By Jason Cross  |  Print this article Print


Desktop-as-a-Service Designed for Any Cloud ? Nutanix Frame

Build It: Last year's $800 gaming PC was a bargain, but had significant compromises. This year's model is an $800 hot-rod gaming rig that offers impressive performance. What a difference a year makes!

When it comes to game performance, nothing beats an Athlon 64. We wanted to keep an eye on the future, so we made it a point to go with a Socket 939 CPU rather than socket 754. The latter socket format is on its way out, while Socket 939 will be around for a long time to come. We'll use the price for a boxed processor, and use the generic CPU cooler included in it.

This is by no means the top of AMD's Athlon 64 line. It runs at 1.8GHz and has 512KB of L2 cache. At under $150, it really does deliver some great bang for the buck. Down the line, you'll be able to replace it with a dual-core Athlon 64 X2 without swapping out your motherboard or RAM.

Product:Athlon 64 3000+ (Socket 939)


Price:$143 ( check prices)

Pros:Great bang for the buck; Socket 939 allows easy future expansion.

Cons:Only 512KB of L2 cache.

Summary:Great for games, but down the line you’re going to want to move to a dual-core CPU.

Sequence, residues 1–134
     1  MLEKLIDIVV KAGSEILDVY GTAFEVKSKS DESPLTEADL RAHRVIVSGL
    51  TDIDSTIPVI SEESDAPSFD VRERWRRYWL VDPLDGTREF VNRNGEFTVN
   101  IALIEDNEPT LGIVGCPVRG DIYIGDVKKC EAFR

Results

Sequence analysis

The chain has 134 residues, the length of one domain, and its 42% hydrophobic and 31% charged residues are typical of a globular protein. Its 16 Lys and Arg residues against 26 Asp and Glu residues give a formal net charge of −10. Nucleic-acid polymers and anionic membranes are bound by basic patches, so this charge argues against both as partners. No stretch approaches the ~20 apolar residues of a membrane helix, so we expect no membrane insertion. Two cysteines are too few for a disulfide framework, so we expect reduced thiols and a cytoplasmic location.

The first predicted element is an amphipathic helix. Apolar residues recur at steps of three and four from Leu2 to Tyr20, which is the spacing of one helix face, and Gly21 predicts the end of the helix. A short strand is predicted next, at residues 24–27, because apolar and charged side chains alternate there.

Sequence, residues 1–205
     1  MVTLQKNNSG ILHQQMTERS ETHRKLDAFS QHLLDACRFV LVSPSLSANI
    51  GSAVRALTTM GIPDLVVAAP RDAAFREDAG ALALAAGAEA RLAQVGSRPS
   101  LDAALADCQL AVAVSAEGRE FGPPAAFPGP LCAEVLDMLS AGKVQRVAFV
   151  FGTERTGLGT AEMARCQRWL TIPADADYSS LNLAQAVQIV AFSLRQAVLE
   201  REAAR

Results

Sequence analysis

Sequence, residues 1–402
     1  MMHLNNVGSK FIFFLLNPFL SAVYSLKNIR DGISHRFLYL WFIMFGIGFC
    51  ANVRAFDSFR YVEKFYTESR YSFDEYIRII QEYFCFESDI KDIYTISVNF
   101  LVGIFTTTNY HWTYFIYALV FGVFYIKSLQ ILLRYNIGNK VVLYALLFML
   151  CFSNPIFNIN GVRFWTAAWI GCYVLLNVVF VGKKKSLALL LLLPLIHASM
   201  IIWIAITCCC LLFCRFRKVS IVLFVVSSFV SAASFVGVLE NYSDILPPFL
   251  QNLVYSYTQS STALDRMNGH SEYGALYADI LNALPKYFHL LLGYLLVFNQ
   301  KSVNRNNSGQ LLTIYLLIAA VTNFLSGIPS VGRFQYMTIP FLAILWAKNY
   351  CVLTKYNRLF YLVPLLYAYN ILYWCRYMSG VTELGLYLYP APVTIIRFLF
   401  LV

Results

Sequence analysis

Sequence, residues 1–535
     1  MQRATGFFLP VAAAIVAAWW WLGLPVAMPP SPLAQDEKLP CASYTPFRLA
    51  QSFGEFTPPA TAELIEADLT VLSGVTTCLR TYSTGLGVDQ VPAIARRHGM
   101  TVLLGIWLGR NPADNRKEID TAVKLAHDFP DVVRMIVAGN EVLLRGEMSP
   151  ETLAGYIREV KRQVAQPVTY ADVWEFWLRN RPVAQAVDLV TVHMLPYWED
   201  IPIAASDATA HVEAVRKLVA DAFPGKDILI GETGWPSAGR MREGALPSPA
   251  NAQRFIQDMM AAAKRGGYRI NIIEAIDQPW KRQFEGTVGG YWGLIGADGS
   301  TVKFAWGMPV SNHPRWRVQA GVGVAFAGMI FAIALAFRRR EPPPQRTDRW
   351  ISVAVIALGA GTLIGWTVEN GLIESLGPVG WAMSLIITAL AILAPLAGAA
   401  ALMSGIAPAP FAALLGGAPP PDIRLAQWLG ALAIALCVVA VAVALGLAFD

MSI's K8N Neo4-F isn't the best nForce 4 motherboard on the market, but it certainly is one of the least expensive. You get all the standard nForce 4 features in a pretty reliable package. Four SATA ports, gigabit Ethernet, and x16, x4, and x1 PCIe slots is pretty good for well under $100. There's no FireWire port, but you can't expect everything in a board this inexpensive.

Perhaps most importantly, this is a totally modern board with a brand-new, well-supported chipset. You won't have to worry about driver support drying up in six months, or getting a new CPU in a year that will require an entirely new motherboard. AMD will be selling Socket 939 CPUs some a long time to come, and this board is all ready for the dual-core Athlon 64 X2.

Jason Cross Jason was a certified computer geek at an early age, playing with his family's Apple II when he was still barely able to write. It didn't take long for him to start playing with the hardware, adding in 80-column cards and additional RAM as his family moved up through Apple II+, IIe, IIgs, and eventually the Macintosh. He was sucked into Intel based side of the PC world by his friend's 8088 (at the time, the height of sophisticated technology), and this kicked off a never-ending string of PC purchases and upgrades.

Through college, where he bounced among several different majors before earning a degree in Asian Studies, Jason started to pull down freelance assignments writing about his favorite hobby—,video and computer games. It was shortly after graduation that he found himself, a thin-blooded Floridian, freezing his face off at Computer Games Magazine in Vermont, where he founded the hardware and technology section and built it up over five years before joining the ranks at ExtremeTech and moving out to beautiful northern California. When not scraping up his hands on the inside of a PC case, you can invariably find Jason knee-deep in a PC game, engrossed in the latest console title, or at the movie theater.


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